304. The Conference concurred in the need to improve the planning and review of field programmes and other extra-budgetary activities and to relate these more clearly to the Regular Programme and considered that this should be taken into account in the review of the structure of the Programme of Work and Budget.
305. The Conference also agreed that a system of evaluation for existing and proposed Regular Programme activities should be implemented as soon as possible.
306. The Conference also discussed the main programme priorities and generally supported the views expressed in the document on these. It was agreed that the main emphasis should continue to be on increasing food production in developing countries in a broader context of social and economic development; also that not only the least developed countries but also the most seriously affected, landlocked, and developing island countries required special effort. The section dealing with problems from the regional viewpoint was welcomed but it was regretted that the European region, including some developing countries, was not covered. Therefore it was pointed out that this situation would have to be taken into account by FAO when preparing future programmes.
307. Training in a number of areas was considered to be of the highest priority and strong support was given in particular to the need for a more concrete approach to, and a closer coordination of, activities in integrated rural development and to the importance of training in this field.
308. High priority was also given to: nutrition, particularly training of nutritionists in developing countries, nutrition planning at the national level and improving its interrelationship with other sectors; the integration of rural women in the development process, and their training not only through the important family-oriented and home economics activities, but also through all aspects of FAO's activities; conservation and storage of grains and increasing food supply by reducing post-harvest losses.
309. Other priorities supported included: forestry activities, particularly tropical forestry development, pulp and paper, wildlife conservation, and the contributions of forestry to rural development; fisheries, for which the priorities were well balanced except that training needed to be emphasized; agricultural inputs, including not only the physical inputs of soil, water, seeds, fertilizers, storage facilities, etc., but also extension, credit, agrarian reform and cooperatives and the related needs for training in all these fields, research and the transfer of research results, improvement of the management of inputs, and the avoidance of overdependence on purchased inputs - all of which were essential to increase production; livestock planning, disease control and livestock production, including the greater use of local breeds, a more inter-disciplinary approach, and more emphasis on poultry production; plant and animal genetic resources which must be preserved to ensure future food supplies; economic and social planning activities, in general, which needed to be better integrated; and Country Perspective Studies, for which the focus should be on developing the capacity of interested countries to carry out their own studies on a continuing basis; and land use planning, including irrigation planning and institutional frameworks. In general the movement towards strengthening of technical activities directly concerned with increasing food production should be continued.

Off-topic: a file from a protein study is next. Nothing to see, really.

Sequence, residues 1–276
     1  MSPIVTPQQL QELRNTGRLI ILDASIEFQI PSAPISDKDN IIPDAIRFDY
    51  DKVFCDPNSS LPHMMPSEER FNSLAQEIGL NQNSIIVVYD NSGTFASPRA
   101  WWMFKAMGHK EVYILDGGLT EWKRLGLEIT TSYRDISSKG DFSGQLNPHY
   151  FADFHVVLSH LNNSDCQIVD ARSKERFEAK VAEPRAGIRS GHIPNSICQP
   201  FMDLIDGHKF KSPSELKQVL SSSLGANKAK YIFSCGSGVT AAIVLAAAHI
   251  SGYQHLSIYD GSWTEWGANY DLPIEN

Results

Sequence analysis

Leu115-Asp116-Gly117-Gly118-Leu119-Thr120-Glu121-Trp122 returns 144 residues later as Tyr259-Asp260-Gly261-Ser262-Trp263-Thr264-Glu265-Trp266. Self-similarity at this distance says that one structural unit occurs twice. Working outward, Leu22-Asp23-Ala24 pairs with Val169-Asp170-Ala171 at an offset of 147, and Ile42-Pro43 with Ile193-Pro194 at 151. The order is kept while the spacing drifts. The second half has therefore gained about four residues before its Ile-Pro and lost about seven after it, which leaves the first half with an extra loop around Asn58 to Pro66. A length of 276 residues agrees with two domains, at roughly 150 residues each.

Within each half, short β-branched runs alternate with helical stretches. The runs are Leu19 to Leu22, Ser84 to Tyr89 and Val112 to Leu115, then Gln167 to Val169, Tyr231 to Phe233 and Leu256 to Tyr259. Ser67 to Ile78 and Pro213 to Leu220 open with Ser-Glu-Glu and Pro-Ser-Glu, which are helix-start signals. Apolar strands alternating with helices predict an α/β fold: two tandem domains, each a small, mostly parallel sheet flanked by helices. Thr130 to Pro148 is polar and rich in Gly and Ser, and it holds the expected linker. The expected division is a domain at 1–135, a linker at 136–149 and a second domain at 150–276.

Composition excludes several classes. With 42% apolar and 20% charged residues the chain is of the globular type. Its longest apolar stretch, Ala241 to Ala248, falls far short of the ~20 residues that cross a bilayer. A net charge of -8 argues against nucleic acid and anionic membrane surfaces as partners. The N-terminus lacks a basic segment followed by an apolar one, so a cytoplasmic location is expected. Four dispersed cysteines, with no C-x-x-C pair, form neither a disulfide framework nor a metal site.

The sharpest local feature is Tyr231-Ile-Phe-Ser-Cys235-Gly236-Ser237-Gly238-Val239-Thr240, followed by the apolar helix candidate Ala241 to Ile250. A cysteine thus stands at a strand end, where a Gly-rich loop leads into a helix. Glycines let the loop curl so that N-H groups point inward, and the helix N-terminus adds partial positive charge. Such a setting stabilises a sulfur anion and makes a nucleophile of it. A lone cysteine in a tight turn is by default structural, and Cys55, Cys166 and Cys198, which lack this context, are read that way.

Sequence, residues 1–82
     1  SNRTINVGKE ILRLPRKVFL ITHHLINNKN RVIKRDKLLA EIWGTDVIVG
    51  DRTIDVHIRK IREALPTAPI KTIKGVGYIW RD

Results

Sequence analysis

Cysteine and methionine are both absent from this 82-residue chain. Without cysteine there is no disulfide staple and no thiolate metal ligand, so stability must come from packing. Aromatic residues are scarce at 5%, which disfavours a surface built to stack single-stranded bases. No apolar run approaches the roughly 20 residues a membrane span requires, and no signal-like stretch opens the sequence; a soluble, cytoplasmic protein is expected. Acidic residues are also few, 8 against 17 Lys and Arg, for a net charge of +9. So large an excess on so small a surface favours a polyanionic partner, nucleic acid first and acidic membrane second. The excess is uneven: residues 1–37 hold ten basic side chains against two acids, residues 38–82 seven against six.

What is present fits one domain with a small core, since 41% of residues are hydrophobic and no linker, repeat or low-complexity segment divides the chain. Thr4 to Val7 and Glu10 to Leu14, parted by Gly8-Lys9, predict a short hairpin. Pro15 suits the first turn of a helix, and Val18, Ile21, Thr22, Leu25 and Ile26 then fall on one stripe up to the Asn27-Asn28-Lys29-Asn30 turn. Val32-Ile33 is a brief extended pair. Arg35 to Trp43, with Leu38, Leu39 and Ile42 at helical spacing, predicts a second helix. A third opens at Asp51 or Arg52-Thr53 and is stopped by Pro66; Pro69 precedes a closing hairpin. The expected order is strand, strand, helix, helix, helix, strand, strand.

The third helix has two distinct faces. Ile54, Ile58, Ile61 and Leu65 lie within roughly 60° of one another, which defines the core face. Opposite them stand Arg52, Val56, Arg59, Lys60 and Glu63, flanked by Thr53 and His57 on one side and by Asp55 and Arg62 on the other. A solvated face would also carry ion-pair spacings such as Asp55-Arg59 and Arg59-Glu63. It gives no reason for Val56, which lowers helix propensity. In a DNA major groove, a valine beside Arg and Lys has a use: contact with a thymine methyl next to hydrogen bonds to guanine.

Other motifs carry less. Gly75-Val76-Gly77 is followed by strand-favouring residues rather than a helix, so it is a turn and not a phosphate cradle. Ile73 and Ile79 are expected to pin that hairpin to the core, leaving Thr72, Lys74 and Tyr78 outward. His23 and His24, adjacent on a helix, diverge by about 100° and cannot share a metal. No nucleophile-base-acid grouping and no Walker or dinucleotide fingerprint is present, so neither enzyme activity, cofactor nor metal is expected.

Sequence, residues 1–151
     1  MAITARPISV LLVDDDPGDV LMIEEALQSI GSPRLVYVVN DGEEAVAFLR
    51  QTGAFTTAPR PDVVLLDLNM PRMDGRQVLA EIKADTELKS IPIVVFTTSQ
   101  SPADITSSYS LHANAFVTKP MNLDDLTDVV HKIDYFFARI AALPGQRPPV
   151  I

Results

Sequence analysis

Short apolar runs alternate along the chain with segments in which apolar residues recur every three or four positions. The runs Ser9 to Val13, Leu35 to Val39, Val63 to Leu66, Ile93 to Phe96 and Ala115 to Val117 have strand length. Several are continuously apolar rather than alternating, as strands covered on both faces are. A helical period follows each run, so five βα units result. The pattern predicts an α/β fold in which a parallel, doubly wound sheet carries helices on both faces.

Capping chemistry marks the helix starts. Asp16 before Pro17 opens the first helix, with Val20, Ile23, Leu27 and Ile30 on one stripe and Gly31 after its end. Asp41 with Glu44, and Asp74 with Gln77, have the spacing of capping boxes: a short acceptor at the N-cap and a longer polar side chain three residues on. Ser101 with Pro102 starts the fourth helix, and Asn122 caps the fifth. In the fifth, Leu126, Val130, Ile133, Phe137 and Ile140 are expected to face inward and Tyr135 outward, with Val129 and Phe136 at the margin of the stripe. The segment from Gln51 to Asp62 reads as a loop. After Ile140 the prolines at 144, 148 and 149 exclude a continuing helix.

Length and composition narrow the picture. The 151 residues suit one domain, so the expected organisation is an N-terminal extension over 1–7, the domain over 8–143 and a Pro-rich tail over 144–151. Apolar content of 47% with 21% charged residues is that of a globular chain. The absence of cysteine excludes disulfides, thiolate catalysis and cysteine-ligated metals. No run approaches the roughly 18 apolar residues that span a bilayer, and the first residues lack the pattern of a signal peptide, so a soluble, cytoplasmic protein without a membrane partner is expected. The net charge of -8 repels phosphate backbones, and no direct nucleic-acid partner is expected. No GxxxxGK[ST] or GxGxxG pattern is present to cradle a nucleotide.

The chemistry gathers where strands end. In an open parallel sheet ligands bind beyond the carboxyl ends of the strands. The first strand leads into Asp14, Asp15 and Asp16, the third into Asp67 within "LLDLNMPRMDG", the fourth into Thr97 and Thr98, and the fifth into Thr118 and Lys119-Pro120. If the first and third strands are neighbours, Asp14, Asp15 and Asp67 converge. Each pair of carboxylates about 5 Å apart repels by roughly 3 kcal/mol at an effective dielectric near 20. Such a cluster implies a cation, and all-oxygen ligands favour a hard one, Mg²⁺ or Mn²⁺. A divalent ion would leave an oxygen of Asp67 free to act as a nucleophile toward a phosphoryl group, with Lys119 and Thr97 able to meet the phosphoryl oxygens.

310. With regard to the organizational implications, it was felt that personnel policies in a wider sense and the problem of the mobility of staff and its allocation depending on current priority activities merited more attention. In relation to the latter, it was emphasized that an evaluation system would be of special value. It was also felt that organizational changes, to the extent necessary, should allow for more flexibility to adapt to changing conditions and should be coordinated with other developments in the UN family. Emphasis was placed on the need to ensure that the female staff members of FAO should have better access to responsible posts.
311. In conclusion, the Conference appreciated that the document was a significant improvement over previous versions. It constituted a useful contribution to the preparation of the next Programme of Work and Budget.